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Contact me at Mom25dogs@gmail.com

Sunday, February 23, 2014

Displaying Cast Iron Cookware

Some people use their cast iron cookware on a near daily basis. They are just tools to cook with. But, with cast iron, there is so much to know on how to season a pot, how to care for it and how to use it that you invest in your cast iron cookware and they become more than just cooking tools. My parents actually have a small collection of cast iron cookware. My Dad's mother used her kitchen wood burning stove to cook with more than she used the electric stove sitting across from it. So he was attracted to cast iron cookware because of his childhood. I've learned how to maintain and use my cast iron skillets but I still take them to Dad for seasoning. He and Mom know how to do it. I could do it but I get them to do it for me. We have 4 sizes of cast iron frying pans, a griddle and some large cast iron cooking pots. We use the frying pans all the time and the griddle occasionally. We rarely use the large cooking pots.

For more on the care of cast iron cookware check out my blog post on Cast Iron Cookware.

Pros of using cast iron cookware:
Cast iron is an excellent heat conductor, heating evenly and consistently

Cast iron can withstand very high temperatures, which makes it great for searing and frying. It sears better than anything else.

Cast iron pots allow precise and sustained cooking temperatures.

When cooking with cast iron heat is spread evenly throughout the pot; there are no hot spots; this makes iron pots great for slow cooking.

Has a non stick surface if well seasoned (but food can stick if you don't keep it well seasoned).

It lasts and lasts, you can pass it down to your kids, heck, your grandkids. It's durable! It's a classic.

Pretty inexpensive to buy considering how long it lasts.

Can go from stove to oven.

Won't warp.

Iron can leach into the food which can be good for you unless you have excess iron in your blood already.

Cons of using cast iron cookware:
You can't clean it in the dishwasher. You have to know what you are doing when cleaning so that you don't ruin the seasoned finish.

It's heavy! I have weak hands and this is a real problem for me.

You don't boil water in cast iron cookware as it melts the seasoning, the oil floats on top of the water and is lost. You have to re-season the pan if you do this.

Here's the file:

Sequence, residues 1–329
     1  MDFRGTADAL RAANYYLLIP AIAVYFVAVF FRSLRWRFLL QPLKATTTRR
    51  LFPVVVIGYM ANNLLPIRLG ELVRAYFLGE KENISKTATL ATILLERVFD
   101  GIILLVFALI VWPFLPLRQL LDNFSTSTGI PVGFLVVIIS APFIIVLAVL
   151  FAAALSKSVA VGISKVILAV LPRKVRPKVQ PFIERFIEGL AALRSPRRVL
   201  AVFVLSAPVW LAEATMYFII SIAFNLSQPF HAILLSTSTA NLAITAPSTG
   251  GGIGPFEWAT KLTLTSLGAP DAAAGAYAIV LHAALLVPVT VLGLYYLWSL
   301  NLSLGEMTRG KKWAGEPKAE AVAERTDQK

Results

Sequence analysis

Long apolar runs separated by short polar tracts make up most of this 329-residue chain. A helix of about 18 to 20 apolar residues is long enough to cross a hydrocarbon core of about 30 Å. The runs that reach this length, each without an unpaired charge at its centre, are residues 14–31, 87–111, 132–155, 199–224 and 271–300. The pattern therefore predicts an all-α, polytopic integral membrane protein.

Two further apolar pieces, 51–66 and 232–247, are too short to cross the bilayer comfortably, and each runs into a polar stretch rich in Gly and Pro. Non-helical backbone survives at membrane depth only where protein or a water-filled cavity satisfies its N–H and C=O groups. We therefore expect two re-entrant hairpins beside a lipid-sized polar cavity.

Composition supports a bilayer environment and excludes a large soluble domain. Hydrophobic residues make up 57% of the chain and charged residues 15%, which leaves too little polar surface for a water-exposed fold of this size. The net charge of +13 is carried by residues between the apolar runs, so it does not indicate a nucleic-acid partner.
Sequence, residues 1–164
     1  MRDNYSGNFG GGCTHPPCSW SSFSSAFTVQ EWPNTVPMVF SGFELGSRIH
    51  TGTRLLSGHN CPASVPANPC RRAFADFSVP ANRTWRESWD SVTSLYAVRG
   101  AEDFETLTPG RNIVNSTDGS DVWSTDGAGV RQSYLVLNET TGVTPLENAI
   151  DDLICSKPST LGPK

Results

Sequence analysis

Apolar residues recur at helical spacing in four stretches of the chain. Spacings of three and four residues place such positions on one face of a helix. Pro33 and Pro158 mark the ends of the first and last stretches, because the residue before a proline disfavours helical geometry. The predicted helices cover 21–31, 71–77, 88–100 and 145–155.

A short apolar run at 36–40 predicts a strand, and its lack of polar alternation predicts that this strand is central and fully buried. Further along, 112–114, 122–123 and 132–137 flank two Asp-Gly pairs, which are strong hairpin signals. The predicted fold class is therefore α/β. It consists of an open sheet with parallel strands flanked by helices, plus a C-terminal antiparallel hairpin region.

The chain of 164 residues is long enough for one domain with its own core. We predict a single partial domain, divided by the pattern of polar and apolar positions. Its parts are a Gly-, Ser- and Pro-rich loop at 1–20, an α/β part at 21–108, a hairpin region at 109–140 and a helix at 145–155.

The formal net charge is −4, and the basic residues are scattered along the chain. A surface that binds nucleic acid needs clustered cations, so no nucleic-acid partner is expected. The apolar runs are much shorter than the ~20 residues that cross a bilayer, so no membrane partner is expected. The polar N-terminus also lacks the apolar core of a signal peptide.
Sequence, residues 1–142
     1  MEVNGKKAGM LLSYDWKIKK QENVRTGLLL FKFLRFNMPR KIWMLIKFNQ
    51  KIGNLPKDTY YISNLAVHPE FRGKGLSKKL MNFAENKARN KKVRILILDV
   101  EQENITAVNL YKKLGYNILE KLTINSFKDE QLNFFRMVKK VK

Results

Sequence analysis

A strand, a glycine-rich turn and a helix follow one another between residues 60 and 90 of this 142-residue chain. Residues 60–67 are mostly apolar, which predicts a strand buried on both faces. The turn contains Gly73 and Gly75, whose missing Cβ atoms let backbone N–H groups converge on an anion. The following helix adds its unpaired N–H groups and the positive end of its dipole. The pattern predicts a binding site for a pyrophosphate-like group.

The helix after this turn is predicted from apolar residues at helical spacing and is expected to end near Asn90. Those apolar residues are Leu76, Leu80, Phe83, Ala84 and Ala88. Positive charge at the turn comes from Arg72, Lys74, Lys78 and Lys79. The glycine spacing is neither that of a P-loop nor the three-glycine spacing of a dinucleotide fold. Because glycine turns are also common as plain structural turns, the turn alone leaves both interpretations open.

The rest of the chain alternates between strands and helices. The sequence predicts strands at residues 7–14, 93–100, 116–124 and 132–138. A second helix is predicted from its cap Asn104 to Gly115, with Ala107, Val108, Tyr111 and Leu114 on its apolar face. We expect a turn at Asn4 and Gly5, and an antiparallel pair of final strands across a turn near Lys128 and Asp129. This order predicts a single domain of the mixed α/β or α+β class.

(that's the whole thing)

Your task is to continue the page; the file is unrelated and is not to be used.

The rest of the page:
Not recommended for glass top stoves as it can break it and scratch the surface. We use our cast iron skillets on our glass cooktop but we are careful and haven't had a problem. We don't use the heavier cast iron cook pots on the glass topped stove.

Can't cook acidic foods in cast iron as it ruins the seasoned finish and draws too much iron into the food.

It takes time to heat up. It takes time to cool down. You can learn how to use this to your advantage.

If you tend to just stack dirty dishes and wash occasionally, then don't use cast iron cookware. It needs to be cleaned as soon as you are finished with it. You never fill with water and let it sit (rust). Learn how maintain your cast iron cookware or you will ruin the finish. Rinse them out with hot water and a clean sponge or paper towel as soon as they are cool enough to be touched. Dry thoroughly, even sitting back on the warm stove eye to dissipate all water. Then wipe with oil or lard and store in dust free area (the oil finish can collect dust if you don't use it often enough).

Takes effort to season, clean and maintain. You have to learn what you are doing and how to keep it in good working condition.

How to display your collection of cast iron cookware? I did a Google search and found some wonderful ideas. Thanks to those who shared these for the rest of us! The main thing to keep in mind, when you are hanging cast iron, be sure you hit a stud because cast iron is heavy!

Here is how I store and display mine.

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To contact me, email me at Mom25dogs@gmail.com